For websites using a content management system (CMS), backing up the database is crucial. In fact, database content such as posts, comments, and users is often more important to website owners than the file content (e.g. themes and plugins). That’s why CodeGuard now automatically detects and adds databases for websites built with WordPress, Drupal, and Joomla.
Read More “Backing up Databases Just Got Easier”
As some of our customers may have already noticed, we at CodeGuard have been hard at work adding a new product line – Microsoft SQL Server Database backups. Today, we wanted to share some of the technical aspects around the creation of this new functionality.
Until recently, we have only provided MySQL database backups. Like many other cloud-based companies, much of the work we do is performed on the Linux operating system. While that works well for many of the systems we back up, including SFTP, FTP, MySQL, and WordPress, currently, it is better to backup Microsoft SQL Server using a Windows-based solution. Fortunately, these servers, like other parts of our infrastructure, run in Amazon’s Elastic Compute Cloud, where we can create and remove new Windows Servers in only a few minutes. With some custom code written to execute the backups on this group of servers, we are able to provide the same type of daily backups to our Microsoft SQL Server clients that we do to clients running MySQL.
Read More “Introducing Microsoft SQL Server support in CodeGuard”
When we launched our free plan recently, we weren’t sure whether customers would routinely want to upgrade from the free offering to a paid subscription. Of course, we hoped that would be the case but, in the absence of concrete data, we always try to keep new functionality as simple as possible. Our MVP was a plain signup form to create the account and page with a message asking customers to delete their account and sign up again for a paid plan if they took an action that initiated an upgrade.
We knew going in that this would not be an ideal experience for customers that wanted to upgrade and over the course of a few weeks, we heard from a handful exactly how dissatisfied they were with the process. With a few strong data points, we were able to make the decision to prioritize this work and deliver a new, easy upgrade process for those customers that want to benefit from our paid features. The entire process has just three steps.
In one of our recent blog posts, we talked about the improvements we have made to integrate our WordPress plugin with our main CodeGuard dashboard. One of the issues we faced when working on this integration was making sure WordPress plugin data are synced with the dashboard quickly so users see changes in close to real time.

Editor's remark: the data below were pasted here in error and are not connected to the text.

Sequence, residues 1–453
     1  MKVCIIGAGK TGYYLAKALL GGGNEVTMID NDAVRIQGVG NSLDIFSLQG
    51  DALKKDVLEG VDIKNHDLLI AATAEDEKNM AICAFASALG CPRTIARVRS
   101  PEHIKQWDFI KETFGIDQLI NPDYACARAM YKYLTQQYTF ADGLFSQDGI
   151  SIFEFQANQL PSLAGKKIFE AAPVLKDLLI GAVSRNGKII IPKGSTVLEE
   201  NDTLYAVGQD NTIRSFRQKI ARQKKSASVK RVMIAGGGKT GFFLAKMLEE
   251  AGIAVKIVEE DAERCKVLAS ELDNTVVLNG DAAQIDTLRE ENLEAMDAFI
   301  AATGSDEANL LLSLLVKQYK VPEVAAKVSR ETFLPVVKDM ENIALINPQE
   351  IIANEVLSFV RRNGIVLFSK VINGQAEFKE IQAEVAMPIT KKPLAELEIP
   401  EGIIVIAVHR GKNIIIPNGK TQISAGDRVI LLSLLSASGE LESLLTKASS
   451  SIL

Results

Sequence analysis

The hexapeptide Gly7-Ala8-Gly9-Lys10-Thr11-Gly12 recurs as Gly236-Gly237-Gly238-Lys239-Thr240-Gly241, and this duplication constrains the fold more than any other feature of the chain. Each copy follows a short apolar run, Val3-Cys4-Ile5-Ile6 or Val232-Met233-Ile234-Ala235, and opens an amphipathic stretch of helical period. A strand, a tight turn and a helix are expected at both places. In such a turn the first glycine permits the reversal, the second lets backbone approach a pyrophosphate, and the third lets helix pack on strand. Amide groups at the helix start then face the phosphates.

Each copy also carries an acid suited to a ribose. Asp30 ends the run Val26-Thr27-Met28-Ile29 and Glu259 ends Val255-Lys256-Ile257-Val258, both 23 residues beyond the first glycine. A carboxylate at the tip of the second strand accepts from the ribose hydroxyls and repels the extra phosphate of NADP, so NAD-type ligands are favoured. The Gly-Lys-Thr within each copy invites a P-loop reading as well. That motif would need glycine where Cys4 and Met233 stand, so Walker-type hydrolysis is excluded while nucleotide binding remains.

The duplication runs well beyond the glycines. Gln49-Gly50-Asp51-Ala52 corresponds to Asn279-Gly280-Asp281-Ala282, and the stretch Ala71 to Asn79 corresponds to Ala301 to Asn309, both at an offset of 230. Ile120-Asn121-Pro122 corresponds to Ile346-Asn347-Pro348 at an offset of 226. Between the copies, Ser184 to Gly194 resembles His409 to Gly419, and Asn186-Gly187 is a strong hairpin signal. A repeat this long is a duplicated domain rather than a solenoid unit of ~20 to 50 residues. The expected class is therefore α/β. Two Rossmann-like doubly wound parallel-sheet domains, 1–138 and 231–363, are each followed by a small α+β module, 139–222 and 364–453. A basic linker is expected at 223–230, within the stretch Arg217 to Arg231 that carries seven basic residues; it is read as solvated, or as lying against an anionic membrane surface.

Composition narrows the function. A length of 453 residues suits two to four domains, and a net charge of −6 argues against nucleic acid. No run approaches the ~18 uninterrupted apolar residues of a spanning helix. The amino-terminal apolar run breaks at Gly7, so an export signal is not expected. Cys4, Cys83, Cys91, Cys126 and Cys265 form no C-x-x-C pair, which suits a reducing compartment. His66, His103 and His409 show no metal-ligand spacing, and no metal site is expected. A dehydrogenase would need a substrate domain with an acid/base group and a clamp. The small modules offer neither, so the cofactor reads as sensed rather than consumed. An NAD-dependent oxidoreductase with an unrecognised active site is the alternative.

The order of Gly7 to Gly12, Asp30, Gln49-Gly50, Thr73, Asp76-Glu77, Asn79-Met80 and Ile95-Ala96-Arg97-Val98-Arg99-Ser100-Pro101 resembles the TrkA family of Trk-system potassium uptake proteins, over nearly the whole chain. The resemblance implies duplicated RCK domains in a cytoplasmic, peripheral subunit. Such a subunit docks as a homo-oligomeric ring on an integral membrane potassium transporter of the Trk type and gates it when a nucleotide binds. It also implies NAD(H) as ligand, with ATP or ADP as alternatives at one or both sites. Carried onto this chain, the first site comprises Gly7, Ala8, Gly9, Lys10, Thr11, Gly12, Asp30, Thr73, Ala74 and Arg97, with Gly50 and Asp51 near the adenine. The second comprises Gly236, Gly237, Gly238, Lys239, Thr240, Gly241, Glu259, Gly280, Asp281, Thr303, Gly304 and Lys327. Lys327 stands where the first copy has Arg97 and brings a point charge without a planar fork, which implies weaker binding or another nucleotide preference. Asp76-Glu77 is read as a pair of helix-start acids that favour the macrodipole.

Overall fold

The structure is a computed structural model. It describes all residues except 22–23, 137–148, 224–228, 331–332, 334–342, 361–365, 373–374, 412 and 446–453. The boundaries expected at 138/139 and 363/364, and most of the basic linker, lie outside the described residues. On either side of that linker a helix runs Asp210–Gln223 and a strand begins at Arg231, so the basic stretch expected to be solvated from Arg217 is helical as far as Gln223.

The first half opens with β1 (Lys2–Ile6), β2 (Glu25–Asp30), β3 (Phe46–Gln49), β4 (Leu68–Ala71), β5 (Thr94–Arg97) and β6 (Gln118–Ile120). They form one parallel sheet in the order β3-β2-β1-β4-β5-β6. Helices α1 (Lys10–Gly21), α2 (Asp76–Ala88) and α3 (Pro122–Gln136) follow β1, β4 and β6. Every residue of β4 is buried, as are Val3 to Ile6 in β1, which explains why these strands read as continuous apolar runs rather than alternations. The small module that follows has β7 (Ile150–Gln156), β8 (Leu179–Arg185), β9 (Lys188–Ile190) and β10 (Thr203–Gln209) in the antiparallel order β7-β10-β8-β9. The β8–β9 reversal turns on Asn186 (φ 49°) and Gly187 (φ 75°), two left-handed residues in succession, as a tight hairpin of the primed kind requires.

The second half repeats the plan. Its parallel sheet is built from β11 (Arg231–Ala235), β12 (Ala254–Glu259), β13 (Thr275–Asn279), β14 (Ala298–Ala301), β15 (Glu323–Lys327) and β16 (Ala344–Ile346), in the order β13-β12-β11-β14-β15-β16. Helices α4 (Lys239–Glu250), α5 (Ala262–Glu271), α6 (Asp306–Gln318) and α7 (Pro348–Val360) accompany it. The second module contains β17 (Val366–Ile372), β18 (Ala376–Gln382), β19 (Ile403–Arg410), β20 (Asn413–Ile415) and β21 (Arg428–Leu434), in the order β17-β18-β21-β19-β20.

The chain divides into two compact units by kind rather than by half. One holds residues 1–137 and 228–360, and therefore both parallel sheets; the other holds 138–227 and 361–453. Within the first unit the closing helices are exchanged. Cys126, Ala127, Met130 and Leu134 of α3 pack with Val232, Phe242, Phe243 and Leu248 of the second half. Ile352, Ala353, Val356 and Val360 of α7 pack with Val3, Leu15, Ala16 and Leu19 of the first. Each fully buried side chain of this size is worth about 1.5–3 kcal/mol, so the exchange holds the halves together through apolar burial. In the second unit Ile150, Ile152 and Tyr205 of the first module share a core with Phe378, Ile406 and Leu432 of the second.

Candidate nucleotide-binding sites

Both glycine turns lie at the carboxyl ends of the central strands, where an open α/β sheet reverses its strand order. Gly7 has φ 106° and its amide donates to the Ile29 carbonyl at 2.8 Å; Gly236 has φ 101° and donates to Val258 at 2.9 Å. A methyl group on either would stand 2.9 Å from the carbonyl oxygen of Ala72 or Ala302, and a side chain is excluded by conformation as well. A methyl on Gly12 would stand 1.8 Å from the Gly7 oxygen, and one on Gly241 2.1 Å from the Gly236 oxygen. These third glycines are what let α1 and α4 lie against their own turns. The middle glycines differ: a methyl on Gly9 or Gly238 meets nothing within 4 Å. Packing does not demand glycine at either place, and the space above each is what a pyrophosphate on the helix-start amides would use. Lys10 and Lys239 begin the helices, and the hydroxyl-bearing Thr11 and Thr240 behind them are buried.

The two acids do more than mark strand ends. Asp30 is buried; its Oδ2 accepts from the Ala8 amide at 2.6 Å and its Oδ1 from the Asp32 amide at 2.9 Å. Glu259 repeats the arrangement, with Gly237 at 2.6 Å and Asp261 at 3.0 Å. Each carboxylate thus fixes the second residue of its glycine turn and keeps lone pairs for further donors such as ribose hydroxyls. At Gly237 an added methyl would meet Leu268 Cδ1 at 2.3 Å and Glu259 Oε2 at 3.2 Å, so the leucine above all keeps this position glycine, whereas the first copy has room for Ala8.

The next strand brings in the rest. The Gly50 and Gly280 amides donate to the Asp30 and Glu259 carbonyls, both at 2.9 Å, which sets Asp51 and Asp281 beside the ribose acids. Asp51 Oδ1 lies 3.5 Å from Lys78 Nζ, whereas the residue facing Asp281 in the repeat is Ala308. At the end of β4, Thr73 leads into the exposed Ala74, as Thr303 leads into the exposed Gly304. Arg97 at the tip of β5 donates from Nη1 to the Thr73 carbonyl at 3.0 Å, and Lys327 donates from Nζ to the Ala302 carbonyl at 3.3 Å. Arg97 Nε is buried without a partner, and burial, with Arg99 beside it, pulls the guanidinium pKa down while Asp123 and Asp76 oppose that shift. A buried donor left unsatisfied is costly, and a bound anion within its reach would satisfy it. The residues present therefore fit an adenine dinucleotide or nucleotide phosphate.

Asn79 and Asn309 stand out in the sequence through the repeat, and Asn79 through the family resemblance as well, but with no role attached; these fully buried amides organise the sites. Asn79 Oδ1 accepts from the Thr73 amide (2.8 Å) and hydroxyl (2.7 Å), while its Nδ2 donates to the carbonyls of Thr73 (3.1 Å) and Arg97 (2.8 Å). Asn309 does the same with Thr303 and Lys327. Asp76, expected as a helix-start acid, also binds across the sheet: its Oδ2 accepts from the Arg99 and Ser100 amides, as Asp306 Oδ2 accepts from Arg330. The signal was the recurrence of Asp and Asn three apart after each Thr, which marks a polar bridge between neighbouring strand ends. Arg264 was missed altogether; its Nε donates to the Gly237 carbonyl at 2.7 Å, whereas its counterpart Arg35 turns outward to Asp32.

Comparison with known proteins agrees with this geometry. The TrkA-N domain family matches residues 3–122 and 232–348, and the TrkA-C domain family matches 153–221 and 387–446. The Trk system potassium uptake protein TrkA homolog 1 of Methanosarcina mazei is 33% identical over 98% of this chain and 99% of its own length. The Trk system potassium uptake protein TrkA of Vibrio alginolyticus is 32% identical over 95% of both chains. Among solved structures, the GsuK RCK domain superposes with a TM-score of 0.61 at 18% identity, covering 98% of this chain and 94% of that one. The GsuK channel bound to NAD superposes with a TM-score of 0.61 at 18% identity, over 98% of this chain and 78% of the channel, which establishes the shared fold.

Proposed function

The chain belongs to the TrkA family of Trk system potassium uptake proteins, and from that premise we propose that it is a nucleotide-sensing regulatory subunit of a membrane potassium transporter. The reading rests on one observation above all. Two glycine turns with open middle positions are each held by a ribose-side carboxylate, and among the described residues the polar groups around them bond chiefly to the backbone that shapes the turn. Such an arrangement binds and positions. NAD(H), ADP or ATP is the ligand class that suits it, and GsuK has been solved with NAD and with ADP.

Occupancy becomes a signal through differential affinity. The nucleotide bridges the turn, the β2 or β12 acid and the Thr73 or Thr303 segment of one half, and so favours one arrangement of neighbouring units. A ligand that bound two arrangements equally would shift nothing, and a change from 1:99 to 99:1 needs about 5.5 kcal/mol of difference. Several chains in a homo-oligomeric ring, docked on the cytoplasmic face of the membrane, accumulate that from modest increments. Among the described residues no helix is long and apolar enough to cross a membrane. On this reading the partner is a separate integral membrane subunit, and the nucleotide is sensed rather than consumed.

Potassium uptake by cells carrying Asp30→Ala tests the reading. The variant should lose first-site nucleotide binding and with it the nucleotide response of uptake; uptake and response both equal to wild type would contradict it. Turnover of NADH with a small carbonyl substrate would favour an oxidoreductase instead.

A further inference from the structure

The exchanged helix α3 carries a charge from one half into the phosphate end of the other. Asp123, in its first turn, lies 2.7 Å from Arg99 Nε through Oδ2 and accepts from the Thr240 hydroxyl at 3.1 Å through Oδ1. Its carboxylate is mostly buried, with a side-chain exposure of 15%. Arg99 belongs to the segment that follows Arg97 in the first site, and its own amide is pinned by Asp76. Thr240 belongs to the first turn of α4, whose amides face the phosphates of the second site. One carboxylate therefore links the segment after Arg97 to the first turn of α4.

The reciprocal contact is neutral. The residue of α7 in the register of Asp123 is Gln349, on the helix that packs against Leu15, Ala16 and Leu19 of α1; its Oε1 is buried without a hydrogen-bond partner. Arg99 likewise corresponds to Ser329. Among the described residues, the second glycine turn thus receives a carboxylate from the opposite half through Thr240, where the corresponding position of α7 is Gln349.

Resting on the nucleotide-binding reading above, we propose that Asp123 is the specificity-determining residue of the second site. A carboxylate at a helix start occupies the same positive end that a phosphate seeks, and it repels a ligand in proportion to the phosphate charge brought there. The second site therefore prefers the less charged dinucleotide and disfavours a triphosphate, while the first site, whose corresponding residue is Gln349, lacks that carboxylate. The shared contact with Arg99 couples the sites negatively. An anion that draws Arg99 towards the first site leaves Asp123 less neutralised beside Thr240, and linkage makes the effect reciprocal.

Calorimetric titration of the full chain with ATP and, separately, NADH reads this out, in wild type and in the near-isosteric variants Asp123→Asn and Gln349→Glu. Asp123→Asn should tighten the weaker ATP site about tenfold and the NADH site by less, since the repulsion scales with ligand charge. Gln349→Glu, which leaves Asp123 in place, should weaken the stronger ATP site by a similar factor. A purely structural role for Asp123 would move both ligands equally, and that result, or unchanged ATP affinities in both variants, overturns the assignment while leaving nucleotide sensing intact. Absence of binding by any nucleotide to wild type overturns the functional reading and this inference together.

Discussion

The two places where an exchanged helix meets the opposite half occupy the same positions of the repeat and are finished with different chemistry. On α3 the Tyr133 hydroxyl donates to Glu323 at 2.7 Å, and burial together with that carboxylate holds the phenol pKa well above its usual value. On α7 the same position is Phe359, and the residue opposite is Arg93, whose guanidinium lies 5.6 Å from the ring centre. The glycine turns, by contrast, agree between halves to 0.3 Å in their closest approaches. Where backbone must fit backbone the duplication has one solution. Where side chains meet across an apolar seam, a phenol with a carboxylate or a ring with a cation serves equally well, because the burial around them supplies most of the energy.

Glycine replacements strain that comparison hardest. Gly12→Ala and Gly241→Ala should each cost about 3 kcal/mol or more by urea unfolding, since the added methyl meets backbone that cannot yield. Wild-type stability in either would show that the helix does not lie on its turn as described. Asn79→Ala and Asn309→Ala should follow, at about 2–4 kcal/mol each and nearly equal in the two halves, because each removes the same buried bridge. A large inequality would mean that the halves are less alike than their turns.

We’ve talked about how the CodeGuard WordPress plugin works in the past, but just to give you a short refresher: The plugin first scans the WordPress root directory for files. It splits this content between several small zip files that are then transmitted and safely stored in an Amazon S3 storage account managed by CodeGuard. Combined, these zip files make up a single backup. We also upload log files that can be used to determine which steps in the backup succeeded and which steps failed, as well as an integrity check that we use to verify all of the zip files are present in S3. In order to make details about the backup accessible in our main CodeGuard dashboard, we needed a way to analyze the information stored in S3 and record statistics in our Rails app database that we could then display to users.
Read More “Realtime Syncing with AWS Lambda”
We’ve talked before about some of the architecture we use to back up hundreds of thousands of websites and databases using FTP, SFTP, SSH and MySQL, but many of our customers have opted for the simplicity of our new WordPress plugin. In keeping with our other behind the scenes posts, we wanted to share a bit more about the technical aspects of the solution for those that are curious.
Read More “Behind The Scenes: CodeGuard WordPress Plugin Architecture”
Successful web applications, like the businesses they embody, require care and feeding. We all have visited, at some time or another, a mom-and-pop business where the owners are friendly but the floors squeak and some of the back corner items require a little dusting before purchase. Such places can be quite charming in their way, but clearly they stay alive because of a lack of competition and the simple expectations of their owners.
Read More “Diligent Care and Feeding Grows Our Web Services”